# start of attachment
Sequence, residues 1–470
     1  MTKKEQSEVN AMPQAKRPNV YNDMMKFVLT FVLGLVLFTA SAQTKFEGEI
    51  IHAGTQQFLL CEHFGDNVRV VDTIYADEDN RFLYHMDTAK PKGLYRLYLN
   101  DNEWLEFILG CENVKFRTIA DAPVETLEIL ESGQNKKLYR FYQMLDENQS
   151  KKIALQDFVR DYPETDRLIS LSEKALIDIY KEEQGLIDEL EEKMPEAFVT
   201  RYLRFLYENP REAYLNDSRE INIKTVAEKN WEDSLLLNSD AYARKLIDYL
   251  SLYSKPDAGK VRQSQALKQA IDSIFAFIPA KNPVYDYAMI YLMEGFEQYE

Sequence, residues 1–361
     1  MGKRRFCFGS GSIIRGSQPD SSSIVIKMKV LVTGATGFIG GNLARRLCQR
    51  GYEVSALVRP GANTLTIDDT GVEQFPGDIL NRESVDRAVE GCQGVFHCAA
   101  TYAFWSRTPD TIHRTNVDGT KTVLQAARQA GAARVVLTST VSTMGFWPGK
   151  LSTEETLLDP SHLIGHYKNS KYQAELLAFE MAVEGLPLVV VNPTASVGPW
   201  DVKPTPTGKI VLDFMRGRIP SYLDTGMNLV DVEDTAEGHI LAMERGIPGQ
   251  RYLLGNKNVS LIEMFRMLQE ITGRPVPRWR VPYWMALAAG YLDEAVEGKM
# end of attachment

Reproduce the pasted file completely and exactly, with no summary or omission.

Sequence, residues 1–470
     1  MTKKEQSEVN AMPQAKRPNV YNDMMKFVLT FVLGLVLFTA SAQTKFEGEI
    51  IHAGTQQFLL CEHFGDNVRV VDTIYADEDN RFLYHMDTAK PKGLYRLYLN
   101  DNEWLEFILG CENVKFRTIA DAPVETLEIL ESGQNKKLYR FYQMLDENQS
   151  KKIALQDFVR DYPETDRLIS LSEKALIDIY KEEQGLIDEL EEKMPEAFVT
   201  RYLRFLYENP REAYLNDSRE INIKTVAEKN WEDSLLLNSD AYARKLIDYL
   251  SLYSKPDAGK VRQSQALKQA IDSIFAFIPA KNPVYDYAMI YLMEGFEQYE

Sequence, residues 1–361
     1  MGKRRFCFGS GSIIRGSQPD SSSIVIKMKV LVTGATGFIG GNLARRLCQR
    51  GYEVSALVRP GANTLTIDDT GVEQFPGDIL NRESVDRAVE GCQGVFHCAA
   101  TYAFWSRTPD TIHRTNVDGT KTVLQAARQA GAARVVLTST VSTMGFWPGK
   151  LSTEETLLDP SHLIGHYKNS KYQAELLAFE MAVEGLPLVV VNPTASVGPW
   201  DVKPTPTGKI VLDFMRGRIP SYLDTGMNLV DVEDTAEGHI LAMERGIPGQ
   251  RYLLGNKNVS LIEMFRMLQE ITGRPVPRWR VPYWMALAAG YLDEAVEGKM